“We were able to tap those funds for capital for the adjustment to full-day kindergarten … to help them with capital improvements: desks, chairs, new dividers, changing half-day classrooms to full-day classrooms,” he said. “That’s why over 99 percent of our schools in our state are offering full-day kindergarten in their first year it’s funded. That number would have been lower if it weren’t for marijuana funds.”

It wasn’t the only time marijuana came up on the panel, especially in the governors’ shared emphasis on the importance of cultivating a diversified economy.

“We plan to be the country’s largest hemp growers and producers,” Lujan Grisham said when describing her strategy, focusing on 10 economic sectors.

“Not if we can help it!” Polis interjected, to laughter.

“Try to catch up!” Lujan Grisham quipped back.

In more serious dialogue, both Lujan Grisham and Polis discussed the volatility of a commodity-based economy: mainly, oil and gas and agriculture.

“When those commodities drop, it’s boom or bust,” Lujan Grisham said, adding that “you’ve got to meet the needs of a varying economic structure that allow us to weather the valleys and the highs of a … volatile environment. Now, New Mexico — who was 50th in economic growth in the country — is now one of the fastest-growing economies. We’ve been in the top 10 since May and intend to stay there.”

In that regard, Polis feels Colorado is in a similarly strong place.

“You have no idea if your oil industry or a big part of your ag industry will disappear. There’s good times; there’s bad times,” he echoed. “We are working on that — we have that on the energy front alone: 9 percent job growth in solar and wind. We have a strong tech sector. We did a major tax cut for 144,000 small businesses, essentially every retailer with sales under $12 million a year got a tax cut.”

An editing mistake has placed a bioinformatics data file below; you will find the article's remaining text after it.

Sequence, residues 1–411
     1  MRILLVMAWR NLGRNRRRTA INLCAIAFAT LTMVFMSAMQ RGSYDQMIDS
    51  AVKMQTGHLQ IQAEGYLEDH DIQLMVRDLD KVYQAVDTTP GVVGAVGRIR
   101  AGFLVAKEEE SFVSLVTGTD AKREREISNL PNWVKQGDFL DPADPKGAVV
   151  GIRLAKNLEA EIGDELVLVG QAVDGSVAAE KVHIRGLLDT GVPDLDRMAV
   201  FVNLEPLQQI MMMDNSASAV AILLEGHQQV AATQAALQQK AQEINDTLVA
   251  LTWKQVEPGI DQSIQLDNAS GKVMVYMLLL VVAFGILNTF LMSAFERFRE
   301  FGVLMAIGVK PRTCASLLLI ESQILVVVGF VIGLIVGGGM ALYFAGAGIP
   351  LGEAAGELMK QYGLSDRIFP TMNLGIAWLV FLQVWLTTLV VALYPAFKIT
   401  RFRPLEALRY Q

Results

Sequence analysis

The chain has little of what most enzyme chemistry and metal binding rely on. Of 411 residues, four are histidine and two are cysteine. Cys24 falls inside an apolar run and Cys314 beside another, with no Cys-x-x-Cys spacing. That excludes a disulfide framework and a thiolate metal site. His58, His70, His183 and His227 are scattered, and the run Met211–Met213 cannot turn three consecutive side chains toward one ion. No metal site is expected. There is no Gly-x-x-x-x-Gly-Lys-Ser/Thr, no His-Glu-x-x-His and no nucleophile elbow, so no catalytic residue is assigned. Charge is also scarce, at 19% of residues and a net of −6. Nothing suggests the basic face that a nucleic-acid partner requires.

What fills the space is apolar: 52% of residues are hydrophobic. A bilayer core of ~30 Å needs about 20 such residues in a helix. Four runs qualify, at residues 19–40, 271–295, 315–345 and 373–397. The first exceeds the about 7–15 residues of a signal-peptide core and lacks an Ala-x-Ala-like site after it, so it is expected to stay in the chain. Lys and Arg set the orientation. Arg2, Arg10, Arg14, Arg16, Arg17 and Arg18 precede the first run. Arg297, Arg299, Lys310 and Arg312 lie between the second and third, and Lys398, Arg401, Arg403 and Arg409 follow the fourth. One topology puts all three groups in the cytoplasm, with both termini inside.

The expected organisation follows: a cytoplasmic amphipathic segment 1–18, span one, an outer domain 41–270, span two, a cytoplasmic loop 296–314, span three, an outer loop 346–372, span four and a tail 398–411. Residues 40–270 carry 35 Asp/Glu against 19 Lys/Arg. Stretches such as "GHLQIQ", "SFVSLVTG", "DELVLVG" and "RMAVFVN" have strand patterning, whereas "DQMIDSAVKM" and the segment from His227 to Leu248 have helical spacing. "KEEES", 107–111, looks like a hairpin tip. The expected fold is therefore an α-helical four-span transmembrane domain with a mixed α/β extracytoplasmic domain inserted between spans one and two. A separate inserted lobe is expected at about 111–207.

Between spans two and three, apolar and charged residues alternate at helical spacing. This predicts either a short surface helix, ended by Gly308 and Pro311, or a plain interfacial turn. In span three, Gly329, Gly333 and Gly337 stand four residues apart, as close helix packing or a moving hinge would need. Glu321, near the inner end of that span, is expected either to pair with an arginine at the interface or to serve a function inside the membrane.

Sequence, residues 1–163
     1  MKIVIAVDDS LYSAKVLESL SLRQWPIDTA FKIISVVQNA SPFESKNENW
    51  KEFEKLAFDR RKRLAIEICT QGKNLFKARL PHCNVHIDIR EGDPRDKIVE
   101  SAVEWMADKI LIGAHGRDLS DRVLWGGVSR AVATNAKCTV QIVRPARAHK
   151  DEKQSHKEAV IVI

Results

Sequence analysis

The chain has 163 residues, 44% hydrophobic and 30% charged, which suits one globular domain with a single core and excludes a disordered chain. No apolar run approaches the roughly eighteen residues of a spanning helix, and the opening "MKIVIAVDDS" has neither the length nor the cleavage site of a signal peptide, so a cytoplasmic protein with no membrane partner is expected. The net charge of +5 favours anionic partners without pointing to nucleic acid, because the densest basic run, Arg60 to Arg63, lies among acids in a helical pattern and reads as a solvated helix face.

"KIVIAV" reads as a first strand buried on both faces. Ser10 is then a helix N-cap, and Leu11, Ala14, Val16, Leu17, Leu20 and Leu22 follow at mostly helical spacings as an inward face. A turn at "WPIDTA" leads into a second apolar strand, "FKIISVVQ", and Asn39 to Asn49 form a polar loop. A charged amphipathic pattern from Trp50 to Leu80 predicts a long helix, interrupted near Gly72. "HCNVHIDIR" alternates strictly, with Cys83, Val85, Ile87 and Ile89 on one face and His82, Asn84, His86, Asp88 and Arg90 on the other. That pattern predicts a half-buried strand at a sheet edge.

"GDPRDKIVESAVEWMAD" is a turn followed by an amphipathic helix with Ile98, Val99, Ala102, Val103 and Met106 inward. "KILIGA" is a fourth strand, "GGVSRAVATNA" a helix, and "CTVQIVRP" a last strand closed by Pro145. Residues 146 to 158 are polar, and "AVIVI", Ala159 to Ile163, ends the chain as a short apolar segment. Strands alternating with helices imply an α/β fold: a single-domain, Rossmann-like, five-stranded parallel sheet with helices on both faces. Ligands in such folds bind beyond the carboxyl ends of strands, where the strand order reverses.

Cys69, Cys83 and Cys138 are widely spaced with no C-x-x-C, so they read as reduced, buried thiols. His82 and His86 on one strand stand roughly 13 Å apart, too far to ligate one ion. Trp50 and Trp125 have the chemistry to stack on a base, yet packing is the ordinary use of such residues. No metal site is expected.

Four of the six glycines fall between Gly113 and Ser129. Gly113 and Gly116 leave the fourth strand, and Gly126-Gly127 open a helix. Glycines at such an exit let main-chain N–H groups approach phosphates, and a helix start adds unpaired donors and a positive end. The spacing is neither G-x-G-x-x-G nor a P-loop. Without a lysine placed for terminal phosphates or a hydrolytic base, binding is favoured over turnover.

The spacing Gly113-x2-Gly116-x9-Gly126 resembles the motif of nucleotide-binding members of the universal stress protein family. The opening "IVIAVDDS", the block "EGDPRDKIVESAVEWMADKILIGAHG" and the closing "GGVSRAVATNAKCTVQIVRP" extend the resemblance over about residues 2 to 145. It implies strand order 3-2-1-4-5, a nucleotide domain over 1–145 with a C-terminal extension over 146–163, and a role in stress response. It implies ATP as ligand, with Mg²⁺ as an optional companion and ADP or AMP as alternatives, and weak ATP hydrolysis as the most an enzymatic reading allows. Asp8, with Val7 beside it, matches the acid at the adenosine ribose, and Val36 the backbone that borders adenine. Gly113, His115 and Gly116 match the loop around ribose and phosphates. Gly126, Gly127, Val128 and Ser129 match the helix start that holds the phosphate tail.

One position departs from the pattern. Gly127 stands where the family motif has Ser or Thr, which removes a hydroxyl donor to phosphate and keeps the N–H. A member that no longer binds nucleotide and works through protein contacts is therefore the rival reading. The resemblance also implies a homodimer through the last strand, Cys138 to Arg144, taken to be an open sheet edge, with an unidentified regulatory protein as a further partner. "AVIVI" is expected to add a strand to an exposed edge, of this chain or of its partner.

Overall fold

Both Colorado and Oregon boast thriving outdoor and recreation economies, and Brown didn’t hesitate to jump in on what makes her proud of her state while poking some fun.

“Our outdoor recreation and retail sector is absolutely booming; our technology sector is thriving; our manufacturing sector is doing quite well. I think our cannabis beats Colorado’s cannabis, hands down. I know I can’t beat you on microbrews, but our pinot noir is the finest in the world,” she said to laughter and applause.

Tourism as an economic driver is obviously particularly close to home in Pitkin County, where accommodation and food services are the largest sector of the workforce, according to Data USA. And while the employment rate is up — about a 4.2 percent increase from 2016 to 2017 — the median household income in the same timeframe was down by almost 3 percent, from $69,789 to $67,775.

Even when presented with these numbers after the panel concluded, Polis stuck to his talking points for solutions.

“This has to do with people having to work multiple jobs just to afford to get by,” he said. “It really speaks to our agenda of saving people money on health care, saving people money on early childhood. Someone who had to work a job and a half to pay for kindergarten wouldn’t have to anymore. [With] insurance rates coming down 30 percent, some people who didn’t get benefits at work were paying a second job just to pay for health care. Reducing people’s expenses is a key part of that.”

Megan Tackett is a reporter for the Aspen Daily News. She can be reached at or on Twitter @MeganTackett10.